>>> very prompt and helpful responses).  But it seems that many of you are
>>> operating in a very different space from me.  The problems (and
>>> lessons-learned) which I encounter are often very different from those
>>> that are reflected in exchanges with most other participants.
>> Hi Terry,
>> Sounds like a fascinating use case. We have some similar clients - small scale law
firms and publishers - who have taken advantage of Solr.
>> One thing I would encourage you to do is to blog and/or talk about what you've built.
Lucene Revolution is worth applying to talk at and if you do manage to get accepted - or if
you go anyway - you'll meet lots of others with similar challenges and come away with a huge
amount of useful information and contacts. Otherwise there are lots of smaller Meetup events
(we run the London, UK one).
>> Don't assume just because some people here are describing their 350 billion document
learning-to-rank clustered monster that the small applications don't matter - they really
do, and the fact that they're possible to build at all is a testament to the open source model
and how we share information and tips.
>> Cheers
>> Charlie
>>> So I thought it would be useful to describe what I'm about, and see if
>>> there are others out there with similar implementations (or interest
>>> in moving in that direction).  A sort of pay-forward.
>>> We (the Lakota Peoples Law Office) are a small public interest, pro
>>> bono law firm actively engaged in defending Native American North
>>> Dakota Water Protector clients against (ridiculously excessive) criminal charges.
>>> I have a small Solr (6.6.0) implementation - just one shard.  I'm
>>> using the cloud mode mainly to be able to implement access controls.
>>> The server is an ordinary (2.5GHz) laptop running Ubuntu 16.04 with
>>> 8GB of RAM and 4 cpu processors.  We presently have 8 collections with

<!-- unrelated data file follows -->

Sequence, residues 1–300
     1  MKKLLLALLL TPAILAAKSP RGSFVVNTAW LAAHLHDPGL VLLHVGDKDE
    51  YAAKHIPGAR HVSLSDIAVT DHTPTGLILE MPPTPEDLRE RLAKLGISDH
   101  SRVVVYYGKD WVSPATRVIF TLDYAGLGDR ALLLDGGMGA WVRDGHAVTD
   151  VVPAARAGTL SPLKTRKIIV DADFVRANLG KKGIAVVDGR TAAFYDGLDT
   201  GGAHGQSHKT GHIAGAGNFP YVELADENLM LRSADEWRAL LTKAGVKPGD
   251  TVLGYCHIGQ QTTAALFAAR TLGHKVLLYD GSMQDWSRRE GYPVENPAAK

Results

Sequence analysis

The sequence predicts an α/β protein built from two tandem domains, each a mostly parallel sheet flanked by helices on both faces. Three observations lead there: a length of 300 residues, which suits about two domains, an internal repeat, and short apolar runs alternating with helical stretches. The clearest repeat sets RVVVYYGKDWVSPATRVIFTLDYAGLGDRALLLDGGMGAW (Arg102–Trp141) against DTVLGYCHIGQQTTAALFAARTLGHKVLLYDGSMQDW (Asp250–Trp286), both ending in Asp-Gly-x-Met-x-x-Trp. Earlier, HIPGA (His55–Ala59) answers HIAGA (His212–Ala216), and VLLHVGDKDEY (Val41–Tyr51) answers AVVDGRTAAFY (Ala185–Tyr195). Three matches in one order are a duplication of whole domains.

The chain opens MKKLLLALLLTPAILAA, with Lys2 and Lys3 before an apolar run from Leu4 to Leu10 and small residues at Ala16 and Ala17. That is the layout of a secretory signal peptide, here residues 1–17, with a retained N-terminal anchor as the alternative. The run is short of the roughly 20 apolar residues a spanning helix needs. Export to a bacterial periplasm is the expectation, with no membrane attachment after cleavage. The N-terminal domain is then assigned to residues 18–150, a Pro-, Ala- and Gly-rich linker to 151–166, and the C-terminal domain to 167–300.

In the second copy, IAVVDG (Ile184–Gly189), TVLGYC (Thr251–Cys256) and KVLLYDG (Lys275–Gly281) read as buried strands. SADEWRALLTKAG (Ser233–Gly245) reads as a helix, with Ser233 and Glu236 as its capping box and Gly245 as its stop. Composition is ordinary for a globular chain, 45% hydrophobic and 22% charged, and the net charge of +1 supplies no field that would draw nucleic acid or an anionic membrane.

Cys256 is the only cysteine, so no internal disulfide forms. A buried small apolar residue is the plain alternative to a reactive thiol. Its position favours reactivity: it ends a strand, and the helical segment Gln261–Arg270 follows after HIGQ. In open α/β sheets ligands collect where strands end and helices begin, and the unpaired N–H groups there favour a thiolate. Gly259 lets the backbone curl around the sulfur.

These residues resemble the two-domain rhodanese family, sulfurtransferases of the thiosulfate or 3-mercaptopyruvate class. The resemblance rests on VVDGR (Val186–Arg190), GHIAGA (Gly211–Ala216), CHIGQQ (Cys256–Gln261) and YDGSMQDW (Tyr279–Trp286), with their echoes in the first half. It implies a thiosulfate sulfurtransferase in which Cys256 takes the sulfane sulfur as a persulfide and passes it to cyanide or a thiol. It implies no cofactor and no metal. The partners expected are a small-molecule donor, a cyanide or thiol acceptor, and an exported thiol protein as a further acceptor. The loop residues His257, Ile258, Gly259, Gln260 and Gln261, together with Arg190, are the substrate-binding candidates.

>>> a total of about 60,000 documents, mostly pdfs and emails.  The
>>> indexed documents are partly our own files and partly those we obtain
>>> through legal discovery (which, surprisingly, is allowed in ND for
>>> criminal cases).  We only have a few users (our lawyers and a couple
>>> of researchers mostly), so traffic is minimal.  However, there's a
>>> premium on precision (and recall) in searches.
>>> The document repository is local to the server.  I piggyback on the
>>> embedded Jetty httpd in order to serve files (selected from the
>>> hitlists).  I just use a symbolic link to tie the repository to
>>> Solr/Jetty's "webapp" subdirectory.
>>> We provide remote access via ssh with port forwarding.  It provides
>>> very snappy performance, with fully encrypted links.  Appears quite stable.
>>> I've had some bizarre behavior apparently caused by an interaction
>>> between repository permissions, solr permissions and the ssh link.  I
>>> seem "solved" for the moment, but time will tell for how long.
>>> If there are any folks out there who have similar requirements, I'd be
>>> more than happy to share the insights I've gained and problems I've
>>> encountered and (I think) overcome.  There are so many unique parts of
>>> this small scale, specialized application (many dimensions of which
>>> are not strictly internal to Solr) that it probably won't be
>>> appreciated to dump them on this (excellent) Solr list.  So, if you
>>> encounter problems peculiar to this kind of setup, we can perhaps help
>>> handle them off-list (although if they have more general Solr
>>> application, we should, of course, post them to the list).
>>> Terry Steichen
>> --
>> Charlie Hull
>> Flax - Open Source Enterprise Search
>> tel/fax: +44 (0)8700 118334
>> mobile:  +44 (0)7767 825828
>> web: